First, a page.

Boosted by buzzy drama The Handmaid’s Tale and a new live-TV service, Hulu ended 2017 with 17 million paid subscribers, a 40 percent surge from its last reported tally of 12 million subscribers back in May 2016. The company, which doesn’t offer quarterly subscriber updates like rivals such as Netflix, also said overall audience of various Hulu programming is on the upswing, with 54 million unique viewers at the end of the year, up from 47 million last spring. Although Hulu isn’t releasing specific audience data, the company did offer some insights into which of its offerings rate best with subscribers. Spoiler alert: Content from Hulu’s broadcast network co-owners did very well.
Hulu’s three most-watched dramas in 2017, based on number of hours watched, were, in order, Law & Order: SVU, This Is Us, and The Handmaid’s Tale. The streamer’s top-three comedies were all animated: South Park, Family Guy, and Bob’s Burgers. (Interestingly, Seinfeld, off the air for decades, was among Hulu’s top most-popular comedies, with 65 million hours watched by users.) SVU and This Is Us come from NBC, whose parent company Comcast is one of Hulu’s owners. Similarly, Hulu co-owner 21st Century Fox is behind Bob’s and Family Guy. Fox recently announced plans to sell its stake in Hulu to the Walt Disney Company, which is already a partial owner of the streamer. The deal, if approved, would give Disney controlling interest in Hulu. While the Fox shows would stay on Hulu if the deal goes through, there’s a chance Comcast could divest itself from the partnership if Disney takes control, leading to the company pulling shows such as This Is Us. It’s far too early to know exactly things will play out with Hulu and its various owners, but the viewing stats released today underscore how important content is from its various network partners.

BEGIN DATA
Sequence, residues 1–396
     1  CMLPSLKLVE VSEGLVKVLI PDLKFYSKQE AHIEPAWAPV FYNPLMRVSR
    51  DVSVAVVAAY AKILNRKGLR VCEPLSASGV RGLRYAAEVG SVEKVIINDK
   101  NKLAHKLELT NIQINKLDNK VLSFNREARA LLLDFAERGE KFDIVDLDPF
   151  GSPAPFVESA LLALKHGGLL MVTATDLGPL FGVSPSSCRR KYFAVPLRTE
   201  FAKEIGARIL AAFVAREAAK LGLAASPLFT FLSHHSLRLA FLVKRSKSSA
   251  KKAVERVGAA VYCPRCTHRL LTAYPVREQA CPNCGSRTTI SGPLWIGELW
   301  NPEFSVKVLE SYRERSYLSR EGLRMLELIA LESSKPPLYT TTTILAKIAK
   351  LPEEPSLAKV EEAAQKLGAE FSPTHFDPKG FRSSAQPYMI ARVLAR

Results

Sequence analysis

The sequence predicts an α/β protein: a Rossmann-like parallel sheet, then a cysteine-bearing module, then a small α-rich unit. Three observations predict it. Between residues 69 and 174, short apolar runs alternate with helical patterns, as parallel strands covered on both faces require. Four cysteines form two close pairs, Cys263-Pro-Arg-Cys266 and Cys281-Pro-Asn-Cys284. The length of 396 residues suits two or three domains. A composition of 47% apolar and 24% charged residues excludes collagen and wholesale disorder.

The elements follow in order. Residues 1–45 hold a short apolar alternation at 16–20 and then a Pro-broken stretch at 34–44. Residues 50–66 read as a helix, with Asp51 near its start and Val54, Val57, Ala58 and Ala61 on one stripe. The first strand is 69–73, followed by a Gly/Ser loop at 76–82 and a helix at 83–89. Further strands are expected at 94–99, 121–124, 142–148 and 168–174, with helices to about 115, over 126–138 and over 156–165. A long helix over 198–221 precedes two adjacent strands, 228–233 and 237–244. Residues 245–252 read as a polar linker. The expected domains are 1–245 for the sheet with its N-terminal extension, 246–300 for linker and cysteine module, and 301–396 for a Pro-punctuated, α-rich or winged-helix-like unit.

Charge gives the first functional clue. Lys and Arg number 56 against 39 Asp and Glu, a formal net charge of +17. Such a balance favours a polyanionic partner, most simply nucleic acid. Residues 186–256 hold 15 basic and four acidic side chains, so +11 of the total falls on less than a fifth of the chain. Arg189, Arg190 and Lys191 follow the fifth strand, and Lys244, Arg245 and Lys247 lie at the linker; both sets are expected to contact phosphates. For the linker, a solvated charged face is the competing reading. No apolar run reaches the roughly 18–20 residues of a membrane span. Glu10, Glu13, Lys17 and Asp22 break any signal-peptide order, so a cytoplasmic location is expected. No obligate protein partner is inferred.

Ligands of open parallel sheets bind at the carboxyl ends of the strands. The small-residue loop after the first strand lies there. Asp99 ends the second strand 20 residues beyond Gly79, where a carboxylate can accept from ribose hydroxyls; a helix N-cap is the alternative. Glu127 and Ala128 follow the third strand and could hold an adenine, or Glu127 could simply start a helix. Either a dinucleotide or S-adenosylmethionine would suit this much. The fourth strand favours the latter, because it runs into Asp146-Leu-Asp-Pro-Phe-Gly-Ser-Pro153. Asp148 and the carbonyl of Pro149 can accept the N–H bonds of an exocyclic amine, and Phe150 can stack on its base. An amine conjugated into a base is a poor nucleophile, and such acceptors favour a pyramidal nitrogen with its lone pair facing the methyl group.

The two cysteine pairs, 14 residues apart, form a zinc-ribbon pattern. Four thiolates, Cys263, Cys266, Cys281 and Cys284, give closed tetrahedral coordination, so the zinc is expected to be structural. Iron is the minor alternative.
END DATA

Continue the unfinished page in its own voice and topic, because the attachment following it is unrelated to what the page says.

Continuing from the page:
As impressive as Hulu’s growth has been over the past 18 months, the service is still way behind dominant streamer Netflix, which has a domestic subscriber tally of 53 million and counting. Still, Hulu does have some advantages over Netflix: It spends significantly less on content (and thus has less debt), its catalog of 75,000 episodes is more than twice as large, and it also generates money from advertising. In fact, Hulu says it collected $1 billion in ad revenue in 2017, a record haul for the streamer. Hulu is also wringing more money out of at least a sliver of its subscribers through its live-TV service, with some subscribers paying upwards of $50 per month to get live feeds of broadcast and cable networks and access to a cloud DVR. A Hulu spokesperson said the company was not yet ready to break out exactly how many of its 17 million subscribers are paying for the live service.